Zorawar Daulet Singh

Zorawar Daulet Singh is presently a PhD candidate at the India Institute, King's College London. He holds a Master’s degree in international relations from the School of Advanced International Studies (SAIS), Johns Hopkins University. Zorawar’s research interests include international relations theory and international political economy and how these theoretical approaches might buttress our understanding of structural changes in the international system. He is co-author of India China Relations: The Border Issue and Beyond (Viva Books, 2009) and Chasing the Dragon: Will India catch up with China? (Pearson Education, 2009).

India and a Secular Egypt

India should resist condoning any electoral democracy that is not secular. States and civil societies usually perceive external events through their domestic values and histories. In recent years, India's discourse has highlighted the importance of democracy as a factor worth cherishing in its own right in different regions. Although Delhi has disavowed a foreign policy that promotes... Continue Reading

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Himalayan Stalemate: Revisiting the Sino-Indian Conflict of 1962 (Part 2)

Part 2: Interpreting Indian Behaviour. For part one click here. The primary strategic objective of the Nehru regime, even as the dispute deteriorated after 1959, was to avoid a frontal collision with China. The more interesting and perhaps central question, therefore, is why did India find itself on the Himalayan battlefield in October 1962.  In retrospect, this author can discern... Continue Reading

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Himalayan Stalemate: Revisiting the Sino-Indian Conflict of 1962 (Part 1)

China's way into the Sino-Indian War. In a recent Global Times article, a researcher from the Chinese Academy of Social Sciences writes, “Mao wanted to wake him (Nehru) up from the superpowers’ influence by giving him a heavy punch, so that he would come to his senses and end the war.” This rather blunt quote really sums up the war from the Chinese perspective: 1962 was... Continue Reading

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West Asia in Ferment: Time For More Sophisticated Posture

How should India position itself amid the strategic bargaining between the US and Iran? Recent weeks have tested India’s West Asia policy with India being compelled to juggle its national interests and simultaneously exude a “responsible stakeholder” image. India’s UN vote on Syria buttressed the latter. New Delhi’s defence of its energy and broader equation... Continue Reading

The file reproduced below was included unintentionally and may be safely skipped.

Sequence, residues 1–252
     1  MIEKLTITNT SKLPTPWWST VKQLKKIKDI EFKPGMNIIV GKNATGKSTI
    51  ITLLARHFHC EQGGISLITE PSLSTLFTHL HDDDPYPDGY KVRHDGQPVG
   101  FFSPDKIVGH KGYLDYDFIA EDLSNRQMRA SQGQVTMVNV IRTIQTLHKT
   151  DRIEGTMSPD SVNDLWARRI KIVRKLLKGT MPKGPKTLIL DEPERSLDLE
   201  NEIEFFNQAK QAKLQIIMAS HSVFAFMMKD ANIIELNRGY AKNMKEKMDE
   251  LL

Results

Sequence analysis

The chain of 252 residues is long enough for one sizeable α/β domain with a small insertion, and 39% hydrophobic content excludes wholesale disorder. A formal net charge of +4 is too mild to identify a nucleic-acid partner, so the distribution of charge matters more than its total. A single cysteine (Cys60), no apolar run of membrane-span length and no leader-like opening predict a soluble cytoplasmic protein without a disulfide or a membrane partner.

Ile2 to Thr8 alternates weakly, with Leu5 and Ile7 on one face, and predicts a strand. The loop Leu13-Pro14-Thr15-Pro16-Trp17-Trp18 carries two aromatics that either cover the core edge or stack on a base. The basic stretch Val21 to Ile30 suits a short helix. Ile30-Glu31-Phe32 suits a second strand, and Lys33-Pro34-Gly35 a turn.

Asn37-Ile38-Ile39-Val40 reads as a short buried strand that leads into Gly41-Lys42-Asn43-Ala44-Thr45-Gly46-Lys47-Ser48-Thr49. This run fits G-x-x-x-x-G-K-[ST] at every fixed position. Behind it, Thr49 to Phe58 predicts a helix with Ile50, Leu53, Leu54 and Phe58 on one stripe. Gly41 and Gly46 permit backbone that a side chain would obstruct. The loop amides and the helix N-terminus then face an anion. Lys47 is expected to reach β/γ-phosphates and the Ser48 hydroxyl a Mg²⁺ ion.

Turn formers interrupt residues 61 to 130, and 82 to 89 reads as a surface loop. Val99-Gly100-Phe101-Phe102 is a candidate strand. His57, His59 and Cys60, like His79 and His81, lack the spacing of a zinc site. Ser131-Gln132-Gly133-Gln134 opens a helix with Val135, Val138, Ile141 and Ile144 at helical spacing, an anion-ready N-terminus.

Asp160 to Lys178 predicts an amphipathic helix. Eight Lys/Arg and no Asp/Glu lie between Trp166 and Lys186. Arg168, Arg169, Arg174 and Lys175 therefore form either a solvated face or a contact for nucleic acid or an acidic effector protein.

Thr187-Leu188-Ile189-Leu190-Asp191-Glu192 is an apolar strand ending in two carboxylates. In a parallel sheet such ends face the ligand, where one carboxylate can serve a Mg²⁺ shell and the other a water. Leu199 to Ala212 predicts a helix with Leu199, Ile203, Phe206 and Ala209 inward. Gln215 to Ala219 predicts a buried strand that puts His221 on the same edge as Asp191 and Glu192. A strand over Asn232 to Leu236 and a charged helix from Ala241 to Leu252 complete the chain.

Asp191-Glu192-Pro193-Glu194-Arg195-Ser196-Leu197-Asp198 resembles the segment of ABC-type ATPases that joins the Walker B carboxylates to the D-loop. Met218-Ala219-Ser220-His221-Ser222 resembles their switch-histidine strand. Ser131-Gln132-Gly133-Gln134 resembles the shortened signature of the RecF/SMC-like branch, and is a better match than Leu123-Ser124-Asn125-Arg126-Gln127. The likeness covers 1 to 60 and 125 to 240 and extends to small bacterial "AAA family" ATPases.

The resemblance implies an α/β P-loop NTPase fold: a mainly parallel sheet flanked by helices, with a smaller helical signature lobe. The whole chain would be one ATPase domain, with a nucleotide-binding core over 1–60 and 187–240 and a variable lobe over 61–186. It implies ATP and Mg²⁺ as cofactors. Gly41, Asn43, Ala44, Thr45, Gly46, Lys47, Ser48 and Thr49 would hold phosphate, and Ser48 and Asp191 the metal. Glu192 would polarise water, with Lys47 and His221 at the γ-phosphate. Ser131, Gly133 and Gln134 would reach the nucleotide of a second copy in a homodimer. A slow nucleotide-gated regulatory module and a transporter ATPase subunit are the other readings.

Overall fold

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"Cold War" in West Asia: Asia Pacific Nations Look On

It has become customary to assert that the centre of gravity of world politics has shifted to the Asia-Pacific region. The ascent of several regional states such as China and India has made this notion almost indisputable. But is this popular cliché crowding out attention on geopolitical issues elsewhere? Recent months have shown that West Asia remains at the fulcrum of world politics... Continue Reading

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End the ‘Great Game’ to Solve Afghanistan

US success in Afghanistan requires a change in strategy. Last week’s Bonn Conference was another lost opportunity to promote a genuine multilateral approach to Afghanistan. For the past decade, and especially after President Obama took office, the West has pinned its entire Afghan strategy on Pakistan. Yet, despite spending US$ 386 billion and losses of 1,774 lives since 2001,... Continue Reading

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In Pursuit of Power: Deciding the Status of Nations

Analysis on what is required to determine the political will and economic might of nations.  ARVIND Subramanian’s “Eclipse: Living in the Shadow of China’s Economic Dominance” has renewed interest in measuring the potential of emerging powers. Subramanian argues that projections of GDP, trade and creditor status make China’s future dominance inevitable. The... Continue Reading

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